In-Depth: Since Dolly the sheep
became the first mammal successfully cloned from an adult cell, a
fierce debate has raged over the ethics human cloning, even though no
person has been successfully cloned.
Opponents of reproductive human cloning have raised concerns about the social problems
that might arise from creating a person who is genetically identical to
another who previously existed or is still alive. They argue that this
could create conflicts with religious and social values about human dignity, individual freedom or autonomy, and personal identity.
Those that support the reproductive cloning of humans
point out that it would give infertile couples the ability have
children of their own. It might also help people suffering from disease
that need an organ transplant or lead to a related medical breakthrough
because of the scientific research required to successfully clone a
There is also therapeutic cloning,
which involves the creation of a human embryo for the purpose of
destroying it to use the embryonic stem cells it produces in treating a
person suffering from disease or injury. While therapeutic cloning
offers that advantage, detractors often argue that destroying an embryo
is akin to destroying human life which can’t be justified by helping the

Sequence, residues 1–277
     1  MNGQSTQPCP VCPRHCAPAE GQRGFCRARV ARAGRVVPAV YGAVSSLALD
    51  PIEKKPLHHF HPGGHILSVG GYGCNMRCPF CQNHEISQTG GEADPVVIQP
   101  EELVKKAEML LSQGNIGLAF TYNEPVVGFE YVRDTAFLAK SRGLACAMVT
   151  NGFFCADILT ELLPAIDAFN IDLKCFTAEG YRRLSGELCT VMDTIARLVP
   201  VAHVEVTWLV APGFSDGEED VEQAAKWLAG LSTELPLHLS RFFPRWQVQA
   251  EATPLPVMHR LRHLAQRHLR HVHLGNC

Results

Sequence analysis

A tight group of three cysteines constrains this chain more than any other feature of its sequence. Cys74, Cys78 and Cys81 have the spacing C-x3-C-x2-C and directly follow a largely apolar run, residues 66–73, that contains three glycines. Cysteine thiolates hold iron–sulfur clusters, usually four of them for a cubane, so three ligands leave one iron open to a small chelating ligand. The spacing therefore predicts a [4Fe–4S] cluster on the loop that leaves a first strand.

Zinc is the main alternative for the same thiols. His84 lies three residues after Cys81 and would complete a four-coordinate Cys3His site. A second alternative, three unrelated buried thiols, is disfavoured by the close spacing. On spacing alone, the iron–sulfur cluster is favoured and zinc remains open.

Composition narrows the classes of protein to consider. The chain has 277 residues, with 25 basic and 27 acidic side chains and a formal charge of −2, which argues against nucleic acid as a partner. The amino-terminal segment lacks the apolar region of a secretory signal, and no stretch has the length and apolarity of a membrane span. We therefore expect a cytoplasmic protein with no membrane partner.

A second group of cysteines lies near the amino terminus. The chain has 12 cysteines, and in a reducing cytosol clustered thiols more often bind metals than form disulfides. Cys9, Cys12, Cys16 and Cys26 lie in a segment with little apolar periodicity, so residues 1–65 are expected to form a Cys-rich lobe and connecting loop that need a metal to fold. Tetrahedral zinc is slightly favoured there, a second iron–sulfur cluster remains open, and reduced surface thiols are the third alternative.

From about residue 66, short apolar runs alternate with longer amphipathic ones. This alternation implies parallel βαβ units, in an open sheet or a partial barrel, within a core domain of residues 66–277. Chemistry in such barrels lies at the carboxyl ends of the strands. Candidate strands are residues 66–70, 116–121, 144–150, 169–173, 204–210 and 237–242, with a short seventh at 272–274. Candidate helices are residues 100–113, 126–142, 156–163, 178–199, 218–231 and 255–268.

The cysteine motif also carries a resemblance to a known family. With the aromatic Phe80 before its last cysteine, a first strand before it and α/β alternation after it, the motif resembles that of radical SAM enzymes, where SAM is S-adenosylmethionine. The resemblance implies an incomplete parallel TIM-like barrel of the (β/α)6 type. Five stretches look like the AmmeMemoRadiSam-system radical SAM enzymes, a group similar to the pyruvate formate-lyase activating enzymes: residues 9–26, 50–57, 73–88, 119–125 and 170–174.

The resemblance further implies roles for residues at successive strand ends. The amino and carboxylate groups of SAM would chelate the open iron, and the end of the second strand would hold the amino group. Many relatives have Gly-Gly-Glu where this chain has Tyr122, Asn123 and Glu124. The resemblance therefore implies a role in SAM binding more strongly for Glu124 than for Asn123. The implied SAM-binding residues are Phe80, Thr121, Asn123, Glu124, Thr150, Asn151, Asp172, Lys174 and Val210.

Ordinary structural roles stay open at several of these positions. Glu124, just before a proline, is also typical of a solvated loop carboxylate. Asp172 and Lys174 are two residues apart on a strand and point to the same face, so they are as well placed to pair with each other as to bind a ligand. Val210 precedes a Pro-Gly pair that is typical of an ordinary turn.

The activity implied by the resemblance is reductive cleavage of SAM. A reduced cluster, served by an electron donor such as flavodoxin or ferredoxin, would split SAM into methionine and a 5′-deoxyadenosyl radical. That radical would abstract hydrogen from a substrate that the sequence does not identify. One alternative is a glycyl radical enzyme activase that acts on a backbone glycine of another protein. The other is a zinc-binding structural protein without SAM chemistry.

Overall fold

Sponsoring Rep. Andy Harris (R-MD) makes the argument, with his bill and in public speeches, that for him human cloning is morally wrong:
“What you’re doing is you’re creating something that is a human being – that’s the genetics of it. It’s something we should say we draw the line on. You can envision this ‘Matrix’-like thing where you’re actually growing clones over a matter of time to try and harvest, later on, the organs."
Of Note: Over 30 countries have banned human cloning
for reproductive purposes, while France, Germany and Switzerland
prohibit also prohibit it for therapeutic reasons. England, Singapore,
Sweden, China, and Israel allow cloning for research but prohibit it for
It was announced in May 2016 that a team of scientists might begin research into creating animals that have human organs
(or chimeras) that could provide for more advanced scientific research
or even allow for transplants to ill humans. The National Institutes of
Health has imposed a moratorium on the project’s funding to give officials time to consider the ethical issues raised by the research.
Media:Summary by Eric Revell
(Photo Credit: via Wikimedia Commons)